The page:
A good night’s sleep is my personal Everest. Sometimes I can’t fall asleep. Sometimes I can’t stay asleep. Sometimes I have nightmares and panic in my sleep. Most of the time what I don’t do is rest peacefully. If you struggle with sleep too, you’ve probably read just as many articles as I have about slaying the insomnia dragon. The rules are pretty easy to follow and very rarely differ among experts. If you aren’t caught up on the latest “get good sleep” advice, they can be boiled down to:
- Keep a consistent sleep schedule the entire week.
- Use your bed for sleep and sex. No reading. No TV watching. No emailing.
- Keep your bedroom cool and dark.
- Exercise regularly.
- Don’t consume caffeine in the afternoon.
- Avoid heavy meals before bedtime.
- Avoid alcohol.
Despite the fact that I live by the rules of this list, I still struggle with sleep. For April’s wellness goals, I wanted to tackle sleep from a new angle. Stress screws with sleep and when you can’t sleep, your stress levels may increase – trapping many of us in a negative loop. So, I decided to eliminate a stressor in my life, the constant connectivity caused by cell phones.
As of April 1st, I set about incorporating two behavioral changes related to cell phones. No cell phone use for one hour after waking up in the morning. No cell phone use after 8 p.m.
My cell phone has become a symbol of everyone else getting my time and energy. It’s full of texts, emails, Facebook, Instagram, Twitter and Pinterest notifications, and calendar reminders of all the stuff that needs to be done. I see the list of notifications on my phone and feel like each one is someone else taking a little piece of me.
Choosing to leave my phone alone for an hour every morning turned the start of my day into pure bliss. Leaving the phone on the table face down gave me permission to ease into my day on my time. This new pattern dramatically improved my daily mood and helped me feel much more at ease as I progressed through my day, especially when stressful situations arose.
The 8 p.m. rule proved much more difficult. FOMO (fear of missing out) is generally not something I struggle with. I tend to be rooted in JOMO (joy of missing out). But come 8 p.m. FOMO got my fingers itching. My cell seemed rife with possibilities of enjoyment – so many pictures to see on Instagram, so many texts to read! In telling myself no, I created a forbidden fruit.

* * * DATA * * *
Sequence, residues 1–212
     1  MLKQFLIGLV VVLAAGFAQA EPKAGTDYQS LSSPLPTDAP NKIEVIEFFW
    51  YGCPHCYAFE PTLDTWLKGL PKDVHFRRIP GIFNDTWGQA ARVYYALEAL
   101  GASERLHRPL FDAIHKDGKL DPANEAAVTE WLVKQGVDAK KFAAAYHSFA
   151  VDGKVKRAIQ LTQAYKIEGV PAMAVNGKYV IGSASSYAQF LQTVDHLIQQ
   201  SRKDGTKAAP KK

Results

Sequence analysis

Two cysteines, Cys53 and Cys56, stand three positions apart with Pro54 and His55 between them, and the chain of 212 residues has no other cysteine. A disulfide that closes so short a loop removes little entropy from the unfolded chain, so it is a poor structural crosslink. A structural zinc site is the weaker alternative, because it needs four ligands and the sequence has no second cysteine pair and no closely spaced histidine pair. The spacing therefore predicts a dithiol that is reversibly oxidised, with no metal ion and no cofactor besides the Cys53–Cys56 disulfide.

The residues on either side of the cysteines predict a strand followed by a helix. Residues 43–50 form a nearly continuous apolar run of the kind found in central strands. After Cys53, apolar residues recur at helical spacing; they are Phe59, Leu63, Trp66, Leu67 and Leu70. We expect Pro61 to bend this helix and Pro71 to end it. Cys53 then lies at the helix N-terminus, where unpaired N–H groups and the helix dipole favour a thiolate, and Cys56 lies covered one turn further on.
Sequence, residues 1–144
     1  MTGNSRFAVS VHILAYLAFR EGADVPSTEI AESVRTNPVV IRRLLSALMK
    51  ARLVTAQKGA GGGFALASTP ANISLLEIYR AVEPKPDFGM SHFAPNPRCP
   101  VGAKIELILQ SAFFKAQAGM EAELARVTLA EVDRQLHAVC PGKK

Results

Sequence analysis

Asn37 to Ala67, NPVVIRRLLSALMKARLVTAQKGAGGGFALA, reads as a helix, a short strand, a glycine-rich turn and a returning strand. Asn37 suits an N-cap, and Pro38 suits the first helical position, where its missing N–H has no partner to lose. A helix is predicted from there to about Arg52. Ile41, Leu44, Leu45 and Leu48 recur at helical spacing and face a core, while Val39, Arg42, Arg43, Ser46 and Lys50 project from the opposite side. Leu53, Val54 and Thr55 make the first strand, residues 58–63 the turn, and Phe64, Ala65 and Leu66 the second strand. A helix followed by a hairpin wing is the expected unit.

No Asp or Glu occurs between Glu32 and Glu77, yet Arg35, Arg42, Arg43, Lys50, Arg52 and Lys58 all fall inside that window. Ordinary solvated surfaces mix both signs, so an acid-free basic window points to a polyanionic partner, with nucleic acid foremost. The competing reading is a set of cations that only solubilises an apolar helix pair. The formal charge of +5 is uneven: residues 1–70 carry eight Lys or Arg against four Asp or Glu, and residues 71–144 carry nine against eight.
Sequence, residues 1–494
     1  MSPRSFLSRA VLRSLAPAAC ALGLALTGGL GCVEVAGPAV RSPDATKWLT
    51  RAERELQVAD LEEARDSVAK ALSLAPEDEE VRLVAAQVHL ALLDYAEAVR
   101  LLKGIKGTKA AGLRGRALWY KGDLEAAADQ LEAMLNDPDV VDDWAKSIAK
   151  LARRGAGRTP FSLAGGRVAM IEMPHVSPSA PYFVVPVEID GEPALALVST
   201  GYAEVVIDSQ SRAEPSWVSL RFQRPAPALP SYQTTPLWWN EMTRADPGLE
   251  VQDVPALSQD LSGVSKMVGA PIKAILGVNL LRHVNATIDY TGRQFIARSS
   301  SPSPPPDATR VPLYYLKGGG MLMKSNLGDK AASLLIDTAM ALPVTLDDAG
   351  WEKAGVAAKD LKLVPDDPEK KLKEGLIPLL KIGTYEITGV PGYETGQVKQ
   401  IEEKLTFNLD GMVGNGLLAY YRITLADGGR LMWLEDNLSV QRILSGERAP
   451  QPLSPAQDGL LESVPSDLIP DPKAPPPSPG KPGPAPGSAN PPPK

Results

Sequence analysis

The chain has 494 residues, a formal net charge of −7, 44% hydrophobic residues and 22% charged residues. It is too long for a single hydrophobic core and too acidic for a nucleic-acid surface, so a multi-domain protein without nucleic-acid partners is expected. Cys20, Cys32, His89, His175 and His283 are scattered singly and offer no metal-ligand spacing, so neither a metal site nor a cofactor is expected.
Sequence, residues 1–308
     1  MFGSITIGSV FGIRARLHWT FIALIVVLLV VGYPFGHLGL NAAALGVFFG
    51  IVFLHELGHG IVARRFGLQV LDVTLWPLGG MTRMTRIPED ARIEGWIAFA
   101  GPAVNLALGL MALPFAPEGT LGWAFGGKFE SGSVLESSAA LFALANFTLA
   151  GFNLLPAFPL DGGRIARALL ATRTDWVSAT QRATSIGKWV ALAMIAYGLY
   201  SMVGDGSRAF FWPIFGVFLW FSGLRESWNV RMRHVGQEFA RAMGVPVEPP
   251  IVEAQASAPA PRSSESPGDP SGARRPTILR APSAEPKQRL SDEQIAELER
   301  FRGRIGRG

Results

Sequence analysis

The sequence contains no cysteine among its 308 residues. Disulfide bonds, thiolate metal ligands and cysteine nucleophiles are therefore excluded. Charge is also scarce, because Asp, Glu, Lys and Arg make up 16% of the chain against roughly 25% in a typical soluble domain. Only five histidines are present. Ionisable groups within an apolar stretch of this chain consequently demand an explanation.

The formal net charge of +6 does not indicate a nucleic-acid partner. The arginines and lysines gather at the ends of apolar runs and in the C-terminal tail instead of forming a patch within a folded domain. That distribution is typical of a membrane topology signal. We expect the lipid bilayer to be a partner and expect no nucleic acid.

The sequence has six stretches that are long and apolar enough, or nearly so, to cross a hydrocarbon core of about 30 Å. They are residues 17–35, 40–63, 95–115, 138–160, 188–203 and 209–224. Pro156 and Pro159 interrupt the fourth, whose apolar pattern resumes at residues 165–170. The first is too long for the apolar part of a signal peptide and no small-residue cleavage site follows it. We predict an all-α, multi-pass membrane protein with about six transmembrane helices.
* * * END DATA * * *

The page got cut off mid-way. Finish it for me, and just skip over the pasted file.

It wasn’t easy. I slipped a lot. It turns out 8 p.m. seems to be peak, middle of text conversation time in my life. I felt obligated to see each conversation to its natural conclusion, rather than telling my friends adios. It had also become habitual for me to scroll through social media on the couch while my husband took his evening smoke break in the backyard. Though this habit was a time filler and didn’t actually provide me joy, it was a mindless habit that proved challenging to break.
After a little consideration, it dawned on me. My people pleasing personality didn’t want to disappoint anyone by being unavailable after 8 p.m. I worried that people would be frustrated with me for being unresponsive to texts or disconnected from social media. Though not a single person expressed frustration, I had convinced myself that it was my responsibility to be perpetually available. I had to train myself that texts, emails, and social media did not constitute emergencies. If someone really needed me, they could call and I would still be available. In letting go of my fear of disappointing my friends and family, I was able to transition into being more mindful and present with my husband and our cats before bedtime.
In establishing these cell phone behavioral changes, my stress levels (after an adjustment period) were reduced. My mood was positively affected by the new morning ritual and I felt much more relaxed in the evenings. And the bonus was my husband and cats were happier too! Unfortunately, my sleep wasn’t as impacted as I had hoped for. But there’s always next month.
May will give me time to explore the power of lavender. I hope my husband likes smelling like he’s sleeping in a field in Provence.